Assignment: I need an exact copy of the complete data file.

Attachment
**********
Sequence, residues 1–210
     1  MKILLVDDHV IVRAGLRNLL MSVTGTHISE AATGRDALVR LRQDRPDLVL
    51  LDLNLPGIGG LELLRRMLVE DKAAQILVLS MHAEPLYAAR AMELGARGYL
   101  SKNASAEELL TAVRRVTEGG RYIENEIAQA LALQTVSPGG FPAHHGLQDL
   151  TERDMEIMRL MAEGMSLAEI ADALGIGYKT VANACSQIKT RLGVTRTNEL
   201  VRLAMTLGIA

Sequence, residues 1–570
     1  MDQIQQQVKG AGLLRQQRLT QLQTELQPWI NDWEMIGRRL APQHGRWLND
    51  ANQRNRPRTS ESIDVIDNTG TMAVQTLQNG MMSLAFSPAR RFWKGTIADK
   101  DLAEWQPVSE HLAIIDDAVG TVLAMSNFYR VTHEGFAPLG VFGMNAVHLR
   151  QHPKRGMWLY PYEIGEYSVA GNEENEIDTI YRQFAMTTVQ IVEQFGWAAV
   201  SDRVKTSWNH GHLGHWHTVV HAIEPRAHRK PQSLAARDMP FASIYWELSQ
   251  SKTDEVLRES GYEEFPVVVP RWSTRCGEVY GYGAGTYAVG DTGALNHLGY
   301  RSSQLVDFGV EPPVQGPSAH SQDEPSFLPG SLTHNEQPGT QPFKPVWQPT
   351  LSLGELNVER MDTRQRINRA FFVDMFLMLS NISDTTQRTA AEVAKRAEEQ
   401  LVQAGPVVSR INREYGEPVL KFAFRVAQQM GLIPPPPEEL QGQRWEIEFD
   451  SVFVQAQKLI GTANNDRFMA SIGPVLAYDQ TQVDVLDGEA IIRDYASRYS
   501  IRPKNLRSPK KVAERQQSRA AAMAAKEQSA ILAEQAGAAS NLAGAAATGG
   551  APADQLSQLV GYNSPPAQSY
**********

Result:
Sequence, residues 1–210
     1  MKILLVDDHV IVRAGLRNLL MSVTGTHISE AATGRDALVR LRQDRPDLVL
    51  LDLNLPGIGG LELLRRMLVE DKAAQILVLS MHAEPLYAAR AMELGARGYL
   101  SKNASAEELL TAVRRVTEGG RYIENEIAQA LALQTVSPGG FPAHHGLQDL
   151  TERDMEIMRL MAEGMSLAEI ADALGIGYKT VANACSQIKT RLGVTRTNEL
   201  VRLAMTLGIA

Sequence, residues 1–570
     1  MDQIQQQVKG AGLLRQQRLT QLQTELQPWI NDWEMIGRRL APQHGRWLND
    51  ANQRNRPRTS ESIDVIDNTG TMAVQTLQNG MMSLAFSPAR RFWKGTIADK
   101  DLAEWQPVSE HLAIIDDAVG TVLAMSNFYR VTHEGFAPLG VFGMNAVHLR
   151  QHPKRGMWLY PYEIGEYSVA GNEENEIDTI YRQFAMTTVQ IVEQFGWAAV
   201  SDRVKTSWNH GHLGHWHTVV HAIEPRAHRK PQSLAARDMP FASIYWELSQ
   251  SKTDEVLRES GYEEFPVVVP RWSTRCGEVY GYGAGTYAVG DTGALNHLGY
   301  RSSQLVDFGV EPPVQGPSAH SQDEPSFLPG SLTHNEQPGT QPFKPVWQPT
   351  LSLGELNVER MDTRQRINRA FFVDMFLMLS NISDTTQRTA AEVAKRAEEQ
   401  LVQAGPVVSR INREYGEPVL KFAFRVAQQM GLIPPPPEEL QGQRWEIEFD
   451  SVFVQAQKLI GTANNDRFMA SIGPVLAYDQ TQVDVLDGEA IIRDYASRYS
   501  IRPKNLRSPK KVAERQQSRA AAMAAKEQSA ILAEQAGAAS NLAGAAATGG
   551  APADQLSQLV GYNSPPAQSY